This daily cycle services are conceived of as both the sanctification of time (chronos, the specific times during which they are celebrated), and entry into eternity (kairos). They consist to a large degree of litanies asking for God's mercy on the living and the dead, readings from the Psalter with introductory prayers, troparia, and other prayers and hymns surrounding them. The Psalms are so arranged that when all the services are celebrated the entire Psalter is read through in their course once a week, and twice a week during Great Lent when the services are celebrated in an extended form.
In the Orthodox Church the terms “Mystery” or “The Mysteries” refer to the process of theosis. While it is understood that God theoretically can do anything instantly and invisibly, it is also understood that he generally chooses to use material substance as a medium in order to reach people. The limitations are those of mankind, not God. Matter is not considered to be evil by the Orthodox. Water, oil, bread, wine, etc., all are means by which God reaches out to allow people to draw closer to him. How this process works is a “Mystery”, and cannot be defined in human terms. These Mysteries are surrounded by prayer and symbolism so that their true meaning will not be forgotten.
Those things which in the West are often termed Sacraments or sacramentals are known among the Orthodox as the Sacred Mysteries. While the Roman Catholic Church numbers seven Sacraments, and many Protestant groups list two (Baptism and the Eucharist) or even none, the Orthodox do not limit the number. However, for the sake of convenience, catechisms will often speak of the seven Great Mysteries. Among these are Holy Communion (the most direct connection), Baptism, Chrismation, Confession, Unction, Matrimony, and Ordination. But the term also properly applies to other sacred actions such as monastic Tonsure or the blessing of holy water, and involves fasting, almsgiving, or an act as simple as lighting a candle, burning incense, praying or asking God's blessing on food.
Children of Orthodox families are normally baptized shortly after birth. Converts to Orthodoxy (even converts from other Christian denominations) are usually formally baptized into the Orthodox Church though exceptions are sometimes made. Those who have left Orthodoxy and adopted a new religion, if they return to their Orthodox roots are usually received back into the church through the mystery of Chrismation.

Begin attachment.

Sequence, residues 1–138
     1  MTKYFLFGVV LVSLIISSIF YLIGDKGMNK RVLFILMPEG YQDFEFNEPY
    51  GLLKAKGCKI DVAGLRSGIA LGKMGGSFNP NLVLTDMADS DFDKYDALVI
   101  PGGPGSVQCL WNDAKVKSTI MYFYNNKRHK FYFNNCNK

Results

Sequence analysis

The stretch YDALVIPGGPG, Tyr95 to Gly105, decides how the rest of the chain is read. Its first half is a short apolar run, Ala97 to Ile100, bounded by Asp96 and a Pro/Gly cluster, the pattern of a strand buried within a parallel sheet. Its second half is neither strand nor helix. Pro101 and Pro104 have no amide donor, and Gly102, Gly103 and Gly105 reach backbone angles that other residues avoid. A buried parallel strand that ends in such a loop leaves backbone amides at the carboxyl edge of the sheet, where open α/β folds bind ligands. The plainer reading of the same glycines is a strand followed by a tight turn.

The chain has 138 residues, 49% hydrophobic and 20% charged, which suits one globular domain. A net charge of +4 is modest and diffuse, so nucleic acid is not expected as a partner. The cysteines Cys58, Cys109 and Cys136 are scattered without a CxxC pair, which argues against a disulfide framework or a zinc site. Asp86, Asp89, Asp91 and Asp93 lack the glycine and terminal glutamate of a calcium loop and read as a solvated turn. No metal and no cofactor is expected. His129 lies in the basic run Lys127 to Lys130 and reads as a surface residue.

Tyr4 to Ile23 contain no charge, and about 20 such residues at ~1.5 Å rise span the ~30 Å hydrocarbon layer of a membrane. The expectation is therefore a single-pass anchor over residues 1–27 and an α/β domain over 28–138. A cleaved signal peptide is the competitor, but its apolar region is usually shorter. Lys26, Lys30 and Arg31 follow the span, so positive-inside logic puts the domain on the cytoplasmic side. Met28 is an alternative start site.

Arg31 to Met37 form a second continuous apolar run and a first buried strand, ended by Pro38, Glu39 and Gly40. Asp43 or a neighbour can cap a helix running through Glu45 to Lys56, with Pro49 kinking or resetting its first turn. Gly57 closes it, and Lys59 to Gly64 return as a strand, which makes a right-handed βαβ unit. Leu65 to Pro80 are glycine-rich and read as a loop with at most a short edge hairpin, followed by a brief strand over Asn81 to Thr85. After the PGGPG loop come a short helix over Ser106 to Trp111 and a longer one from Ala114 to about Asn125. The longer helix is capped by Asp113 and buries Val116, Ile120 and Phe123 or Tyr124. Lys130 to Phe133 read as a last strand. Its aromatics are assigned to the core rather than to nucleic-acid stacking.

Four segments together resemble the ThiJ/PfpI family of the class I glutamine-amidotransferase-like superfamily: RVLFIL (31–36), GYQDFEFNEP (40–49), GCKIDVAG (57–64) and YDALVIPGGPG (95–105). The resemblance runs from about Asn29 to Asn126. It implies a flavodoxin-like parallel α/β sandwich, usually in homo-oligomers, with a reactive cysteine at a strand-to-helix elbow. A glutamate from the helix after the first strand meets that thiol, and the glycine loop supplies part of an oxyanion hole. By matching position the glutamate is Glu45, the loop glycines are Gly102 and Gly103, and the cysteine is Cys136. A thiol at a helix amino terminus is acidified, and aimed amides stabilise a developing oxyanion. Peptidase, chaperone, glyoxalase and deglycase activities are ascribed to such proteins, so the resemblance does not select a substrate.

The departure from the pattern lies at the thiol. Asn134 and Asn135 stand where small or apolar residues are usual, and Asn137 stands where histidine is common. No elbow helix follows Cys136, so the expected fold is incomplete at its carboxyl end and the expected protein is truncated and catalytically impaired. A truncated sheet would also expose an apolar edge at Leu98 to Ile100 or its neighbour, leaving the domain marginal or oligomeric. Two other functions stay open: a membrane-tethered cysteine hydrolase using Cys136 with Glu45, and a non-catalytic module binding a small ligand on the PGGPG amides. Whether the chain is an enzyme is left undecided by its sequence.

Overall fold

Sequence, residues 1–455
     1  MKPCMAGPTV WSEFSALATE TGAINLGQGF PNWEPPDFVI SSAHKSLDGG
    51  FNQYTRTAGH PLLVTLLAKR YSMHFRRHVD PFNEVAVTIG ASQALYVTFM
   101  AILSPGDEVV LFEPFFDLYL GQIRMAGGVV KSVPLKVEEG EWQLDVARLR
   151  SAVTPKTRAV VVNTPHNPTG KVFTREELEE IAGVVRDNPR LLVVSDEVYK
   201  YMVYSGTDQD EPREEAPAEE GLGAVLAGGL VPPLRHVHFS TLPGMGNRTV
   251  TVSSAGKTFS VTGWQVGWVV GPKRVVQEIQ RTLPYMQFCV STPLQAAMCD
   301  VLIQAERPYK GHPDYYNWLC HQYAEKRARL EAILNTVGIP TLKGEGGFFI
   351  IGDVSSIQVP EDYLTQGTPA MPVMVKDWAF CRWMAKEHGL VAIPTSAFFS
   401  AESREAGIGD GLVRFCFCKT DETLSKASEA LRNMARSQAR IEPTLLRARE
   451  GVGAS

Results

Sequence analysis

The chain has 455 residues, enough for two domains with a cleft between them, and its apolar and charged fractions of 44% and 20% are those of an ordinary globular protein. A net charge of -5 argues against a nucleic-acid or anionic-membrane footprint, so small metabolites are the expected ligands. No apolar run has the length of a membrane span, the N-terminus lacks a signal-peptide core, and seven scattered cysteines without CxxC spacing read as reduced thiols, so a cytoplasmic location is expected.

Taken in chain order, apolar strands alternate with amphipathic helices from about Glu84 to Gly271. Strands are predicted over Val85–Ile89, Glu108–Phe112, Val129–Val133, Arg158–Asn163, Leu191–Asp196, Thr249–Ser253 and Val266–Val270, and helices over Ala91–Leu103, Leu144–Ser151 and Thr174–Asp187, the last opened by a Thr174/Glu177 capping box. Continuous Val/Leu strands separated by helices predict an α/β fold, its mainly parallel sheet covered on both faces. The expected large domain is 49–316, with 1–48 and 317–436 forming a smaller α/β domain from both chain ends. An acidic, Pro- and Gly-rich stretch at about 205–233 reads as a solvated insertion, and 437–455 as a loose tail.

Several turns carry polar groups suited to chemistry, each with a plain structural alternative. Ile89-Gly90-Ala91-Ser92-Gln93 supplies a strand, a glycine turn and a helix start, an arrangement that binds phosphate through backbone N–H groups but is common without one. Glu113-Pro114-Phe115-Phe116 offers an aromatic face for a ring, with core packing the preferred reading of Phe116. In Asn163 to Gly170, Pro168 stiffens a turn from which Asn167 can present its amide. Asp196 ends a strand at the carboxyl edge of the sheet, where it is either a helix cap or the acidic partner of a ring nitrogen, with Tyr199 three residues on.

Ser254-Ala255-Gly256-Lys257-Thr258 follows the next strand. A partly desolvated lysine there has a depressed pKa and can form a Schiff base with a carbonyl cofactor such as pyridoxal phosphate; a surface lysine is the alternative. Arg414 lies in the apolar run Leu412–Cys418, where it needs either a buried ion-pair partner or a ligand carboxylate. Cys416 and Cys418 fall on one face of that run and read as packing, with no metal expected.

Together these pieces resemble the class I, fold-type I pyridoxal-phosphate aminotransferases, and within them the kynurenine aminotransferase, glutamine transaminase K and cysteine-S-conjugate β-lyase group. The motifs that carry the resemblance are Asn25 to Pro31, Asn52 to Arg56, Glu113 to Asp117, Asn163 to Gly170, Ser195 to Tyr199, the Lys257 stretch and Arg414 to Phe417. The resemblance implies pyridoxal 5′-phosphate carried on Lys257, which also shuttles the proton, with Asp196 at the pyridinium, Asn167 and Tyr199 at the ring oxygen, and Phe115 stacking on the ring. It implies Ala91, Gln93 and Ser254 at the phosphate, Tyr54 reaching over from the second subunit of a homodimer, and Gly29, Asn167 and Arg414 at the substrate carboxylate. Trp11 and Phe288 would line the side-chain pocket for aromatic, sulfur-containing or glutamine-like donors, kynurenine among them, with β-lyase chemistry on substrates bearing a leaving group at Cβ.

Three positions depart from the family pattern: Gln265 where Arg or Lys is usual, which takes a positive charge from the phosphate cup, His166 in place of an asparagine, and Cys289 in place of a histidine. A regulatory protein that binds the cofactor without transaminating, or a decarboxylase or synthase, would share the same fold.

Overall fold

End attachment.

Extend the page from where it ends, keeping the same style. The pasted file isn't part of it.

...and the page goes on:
Properly, the mystery of baptism is administered by bishops and priests; however, in emergencies any Orthodox Christian can baptize. In such cases, should the person survive the emergency, it is likely that the person will be properly baptized by a priest at some later date. This is not considered to be a second baptism, nor is it imagined that the person is not already Orthodox, but rather it is a fulfillment of the proper form.
The service of baptism used in Orthodox churches has remained largely unchanged for over 1500 years. This fact is witnessed to by St. Cyril of Jerusalem (d. 386), who, in his Discourse on the Sacrament of Baptism, describes the service in much the same way as is currently in use.
A baptized and Chrismated Orthodox Christian is a full member of the Church, and may receive the Eucharist regardless of age.
The creation of Chrism may be accomplished by any bishop at any time, but usually is done only once a year, often when a synod of bishops convenes for its annual meeting. (Some autocephalous churches get their chrism from others.) Anointing with it substitutes for the laying-on of hands described in the New Testament, even when an instrument such as a brush is used.
The number of fast days varies from year to year, but in general the Orthodox Christian can expect to spend a little over half the year fasting at some level of strictness. There are spiritual, symbolic, and even practical reasons for fasting. In the Fall from Paradise mankind became possessed by a carnal nature; that is to say, he became inclined towards the passions. Through fasting, Orthodox Christians attempt to return to the relationship of love and obedience to God enjoyed by Adam and Eve in Paradise in their own lives, by refraining from carnal practices, by bridling the tongue confession of sins, prayer and almsgiving.
Fasting is seen as purification and the regaining of innocence. Through obedience to the Church and its ascetic practices the Orthodox Christian seeks to rid himself or herself of the passions (The desires of our fallen carnal nature). All Orthodox Christians are expected to fast following a prescribed set of guidelines. They do not view fasting as a hardship, but rather as a privilege and joy. The teaching of the Church fixes both the times and the amount of fasting that is expected as a minimum for every member. For greater ascesis, some may choose to go without food entirely for a short period of time. A complete three-day fast at the beginning and end of a fasting period is not unusual, and some fast for even longer periods, though this is usually practiced only in monasteries.
In general, fasting means abstaining from meat and meat products, dairy (eggs and cheese) and dairy products, fish, olive oil, and wine. Wine and oil — and, less frequently, fish — are allowed on certain feast days when they happen to fall on a day of fasting; but animal products and dairy are forbidden on fast days, with the exception of "Cheese Fare" week which precedes Great Lent, during which dairy products are allowed. Wine and oil are usually also allowed on Saturdays and Sundays during periods of fast. In some Orthodox traditions, caviar is permitted on Lazarus Saturday, the Saturday before Palm Sunday, although the day is otherwise a fast day. Married couples also abstain from sexual relations on fast days, that they may devote themselves to prayer ().